Rat kings have a powerful breath weapon in their hybrid aspect that can produce a variety of effects. A rat king can use its breath weapon three times per day, and must select a specific effect each time it does so: 1) A glob of slimy, bile-yellow fluid with the effects of a grease spell. The rat king can spit this glob up to ten feet away, where it spreads into a roughly 10' x '10' square pool. 2) A 30' radius cloud of glittering motes that acts as a sleep spell with a duration of three turns. 3) An 120' cube fog cloud that lasts for ten rounds. 4) A cloud of inky blackness that lasts for 16 rounds and acts as darkness, 15' radius. 5) A 15' radius dusty cloud that effects all those within as the itching effect of irritation. 6) A 15' radius cloud of pungent, white vapors that acts as the rash effect of irritation. 7) A 20' cube of greenish-yellow mist that acts as a stinking cloud. 8) A 10' cube of gaseous, sticky sap. All those caught within it are affected as if by a summon swarm spell. 9) A blast of seemingly normal hot air directed at single character. The victim is affected as if by a ray of enfeeblement.
No matter what aspect they are in, rat kings can use spider climb and putrefy food and drink at will, as a 6th-level spellcaster.
Habitat/Society: Individually, the wererats of Richemulot are moderately formidable creatures, but the true power of the lycanthropes lies in their organization and perchance for traveling in packs. Despite their evil natures, most wererats in the same pack have an unshakable loyalty to one another. Lacking some of the advantages of other lycanthropes, wererats rely on the mutual support of a pack to give them an advantage over other creatures, allowing them to rise to dominate subterranean environments. Occasionally, however, a wererat emerges who has little patience for pack life. Such individuals are pathologically selfish and egocentric, and resent their fellow wererats. Normally, these creatures are quickly singled out for ritual abuse by the pack, and more often than not are eventually murdered outright for their bad attitude. Rather than await this fate, some rogue wererats flee their packs and retreat into the deepest reaches of the Richemulot sewer systems.
Usually, these wererats are never seen from again, as they have a difficult time surviving on their own. Once in a great while, however, one of these creatures reemerges into the upper levels of the sewers, albeit somehow changed. Boasting a monstrous new hybrid form and formidable, seemingly magical powers, such lycanthropes are called rat kings by normal wererats. It is said that those wererats with the strength of will and cunning to survive by their own means are favored by the rodent god Squerrik. To show his favor, Squerrik sends a single rat to bite these powerful rogue wererats and infect them with a magical plague. If the wererat survives the feverish hallucinations and horrid symptoms of this disease, he is transformed into a rat king.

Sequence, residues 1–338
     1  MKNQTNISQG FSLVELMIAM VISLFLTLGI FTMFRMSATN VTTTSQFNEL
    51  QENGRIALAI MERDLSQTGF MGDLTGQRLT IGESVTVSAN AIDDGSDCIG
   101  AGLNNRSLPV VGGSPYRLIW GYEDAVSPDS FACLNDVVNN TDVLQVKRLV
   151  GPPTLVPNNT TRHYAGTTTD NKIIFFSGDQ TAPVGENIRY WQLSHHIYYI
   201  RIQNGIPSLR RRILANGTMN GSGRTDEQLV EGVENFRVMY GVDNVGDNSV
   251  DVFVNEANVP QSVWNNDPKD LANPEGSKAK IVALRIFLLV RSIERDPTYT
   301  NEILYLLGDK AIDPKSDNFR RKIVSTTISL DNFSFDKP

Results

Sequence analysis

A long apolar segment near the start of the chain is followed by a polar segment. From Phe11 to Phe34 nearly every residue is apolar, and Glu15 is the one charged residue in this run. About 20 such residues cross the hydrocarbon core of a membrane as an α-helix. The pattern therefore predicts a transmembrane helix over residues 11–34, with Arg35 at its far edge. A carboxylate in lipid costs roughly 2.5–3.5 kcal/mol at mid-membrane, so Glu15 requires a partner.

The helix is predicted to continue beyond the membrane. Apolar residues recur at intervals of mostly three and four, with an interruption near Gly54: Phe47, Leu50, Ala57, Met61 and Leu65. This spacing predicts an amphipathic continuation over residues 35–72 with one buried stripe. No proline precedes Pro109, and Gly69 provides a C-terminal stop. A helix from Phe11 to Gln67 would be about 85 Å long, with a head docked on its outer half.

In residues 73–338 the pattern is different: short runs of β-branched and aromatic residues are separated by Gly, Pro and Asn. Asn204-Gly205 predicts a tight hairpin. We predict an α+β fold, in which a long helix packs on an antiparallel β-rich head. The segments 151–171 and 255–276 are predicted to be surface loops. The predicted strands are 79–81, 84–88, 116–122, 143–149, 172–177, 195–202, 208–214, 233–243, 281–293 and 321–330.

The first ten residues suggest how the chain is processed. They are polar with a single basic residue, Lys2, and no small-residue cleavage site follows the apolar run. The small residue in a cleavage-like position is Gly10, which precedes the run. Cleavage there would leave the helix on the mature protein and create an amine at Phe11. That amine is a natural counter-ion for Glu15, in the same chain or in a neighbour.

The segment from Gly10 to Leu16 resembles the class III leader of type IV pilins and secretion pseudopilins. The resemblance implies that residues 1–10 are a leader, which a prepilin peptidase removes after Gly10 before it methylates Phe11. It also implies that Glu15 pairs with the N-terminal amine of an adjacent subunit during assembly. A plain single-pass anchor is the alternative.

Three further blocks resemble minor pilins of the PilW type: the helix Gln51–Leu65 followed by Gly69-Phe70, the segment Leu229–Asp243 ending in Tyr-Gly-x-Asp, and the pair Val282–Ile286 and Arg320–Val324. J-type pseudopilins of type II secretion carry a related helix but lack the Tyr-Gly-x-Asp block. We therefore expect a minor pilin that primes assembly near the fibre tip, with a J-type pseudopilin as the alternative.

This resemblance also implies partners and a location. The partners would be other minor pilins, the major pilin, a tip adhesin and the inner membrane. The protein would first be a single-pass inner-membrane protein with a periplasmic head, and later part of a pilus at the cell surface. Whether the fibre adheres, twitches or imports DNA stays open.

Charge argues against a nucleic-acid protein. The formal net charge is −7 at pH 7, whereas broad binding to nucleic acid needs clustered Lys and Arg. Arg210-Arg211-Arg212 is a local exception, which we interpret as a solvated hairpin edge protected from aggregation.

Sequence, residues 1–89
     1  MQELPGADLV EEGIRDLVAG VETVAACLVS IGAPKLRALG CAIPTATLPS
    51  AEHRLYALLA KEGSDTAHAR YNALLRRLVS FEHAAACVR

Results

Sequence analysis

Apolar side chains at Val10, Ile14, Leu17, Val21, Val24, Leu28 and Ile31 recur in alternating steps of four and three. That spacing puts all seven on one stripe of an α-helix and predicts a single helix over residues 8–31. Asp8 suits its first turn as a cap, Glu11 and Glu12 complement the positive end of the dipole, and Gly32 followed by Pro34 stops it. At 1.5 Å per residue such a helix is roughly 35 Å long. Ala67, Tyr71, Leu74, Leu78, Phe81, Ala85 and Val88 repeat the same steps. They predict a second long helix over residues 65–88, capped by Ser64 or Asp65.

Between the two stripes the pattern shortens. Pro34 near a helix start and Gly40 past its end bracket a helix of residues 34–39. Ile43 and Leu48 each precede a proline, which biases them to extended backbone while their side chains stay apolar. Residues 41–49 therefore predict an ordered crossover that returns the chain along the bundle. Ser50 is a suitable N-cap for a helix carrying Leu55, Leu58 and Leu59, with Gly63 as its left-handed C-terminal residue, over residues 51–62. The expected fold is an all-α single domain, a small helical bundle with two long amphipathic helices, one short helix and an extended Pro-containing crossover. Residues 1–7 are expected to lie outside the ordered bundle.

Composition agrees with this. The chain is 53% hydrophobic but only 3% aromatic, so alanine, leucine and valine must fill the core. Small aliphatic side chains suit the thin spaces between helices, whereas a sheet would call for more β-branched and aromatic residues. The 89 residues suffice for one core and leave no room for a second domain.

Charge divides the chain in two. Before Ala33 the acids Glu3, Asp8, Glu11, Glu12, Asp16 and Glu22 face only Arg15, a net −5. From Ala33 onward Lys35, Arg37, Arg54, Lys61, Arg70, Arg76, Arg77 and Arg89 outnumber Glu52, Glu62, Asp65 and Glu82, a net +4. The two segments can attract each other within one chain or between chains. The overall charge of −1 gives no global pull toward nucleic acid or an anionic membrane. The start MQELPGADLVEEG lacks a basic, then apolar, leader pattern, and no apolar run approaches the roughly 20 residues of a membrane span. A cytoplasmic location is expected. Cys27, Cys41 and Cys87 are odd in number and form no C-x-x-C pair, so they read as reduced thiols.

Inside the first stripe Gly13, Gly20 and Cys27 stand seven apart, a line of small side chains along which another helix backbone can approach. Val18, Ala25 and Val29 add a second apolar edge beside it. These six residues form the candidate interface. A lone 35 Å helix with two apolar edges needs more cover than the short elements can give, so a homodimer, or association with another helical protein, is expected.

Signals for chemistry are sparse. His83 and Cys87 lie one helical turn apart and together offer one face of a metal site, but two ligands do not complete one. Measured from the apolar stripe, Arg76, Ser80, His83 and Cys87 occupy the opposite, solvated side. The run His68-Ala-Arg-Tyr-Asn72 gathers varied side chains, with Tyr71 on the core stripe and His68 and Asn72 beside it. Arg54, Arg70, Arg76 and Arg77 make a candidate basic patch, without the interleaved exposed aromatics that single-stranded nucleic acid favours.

With their newfound power, rat kings quickly establish their dominance over local wererat packs. The wererats, for their part, accept the rulership of a rat king with little complaint, as more often than not, the rat king's intelligence and power lead to more food and treasure for everyone. Furthermore, rat kings quickly devour dissenting wererats to set an example. Indeed, there are few wererat packs anymore in Richemulot that are not under the command of a rat king (Jacqueline Reiner's minions are a prominent exception). The role of a rat king lies in strategizing, and the lycanthropes never engage in the surface activities of their wererat minions. The creatures prefer to wallow in some hidden chamber deep in the sewers, surrounded by hordes of rats and mountains of filth. Generally, there are also 2d6 wererats personally guarding the rat king at any given time.
Rather than being motivated by survival and racial superiority, rat kings are primarily interested in personal power and gratification. They see the manipulation of their weaker kin as the most reliable path to establishing their dominance over a subterranean region, and eventually the surface as well. Generally, however, the activities of the wererats themselves change very little when a rat king is calling the shots. Wererat packs under the aegis of a rat king are often more resolute and fearless, however, and have a morale of 14. Rat kings are uncomfortable around any creatures other than rodents, and they prefer the company of common and giant rats even to other wererats.
Unlike normal wererats, rat kings cannot produce more of their kind through breeding. Since Squerrik himself supposedly controls the number of rat kings in existence, there is rarely a problem with overpopulation of the powerful lycanthropes. Nonetheless, rat kings occasionally come into contact with one another, and the results are always violently hostile. Rat kings view another of their kind in their territory as a personal attack on their power. Hordes of rats and wererats can be sent to their deaths in the civil wars that inevitably erupt from such conflicts. The Richemuloise themselves usually suffer the most during such times, however, as wererat surface activities step up to significant levels.
Ecology: Rat kings are dangerous beings, but are rarely encountered first-hand by the very people they victimize. Their influence is felt throughout the cities of Richemulot through the murderous activities of their wererat minions.
World of Darkness
In the Old World of Darkness, wererats are known as the Ratkin, and are one of the fera that openly survived the genocidal wars that the werewolves fought against them. They are devoted most to the Wyld, and seek to topple the Weaver's webs (aka human civilisation) to defeat the Wyrm and spread chaos. They are, to put it lightly, the fear equivalent of fearmongering rednecks that run around in the streets screaming "The End is Near!", sign posts and everything, only replacing God with the Wyld.
In the New World of Darkness, the wererat concept was reworked into the Beshilu, or "Rat Hosts", which are body-stealing demonic rats that seek to rip down the Gauntlet between the physical world and the spirit world.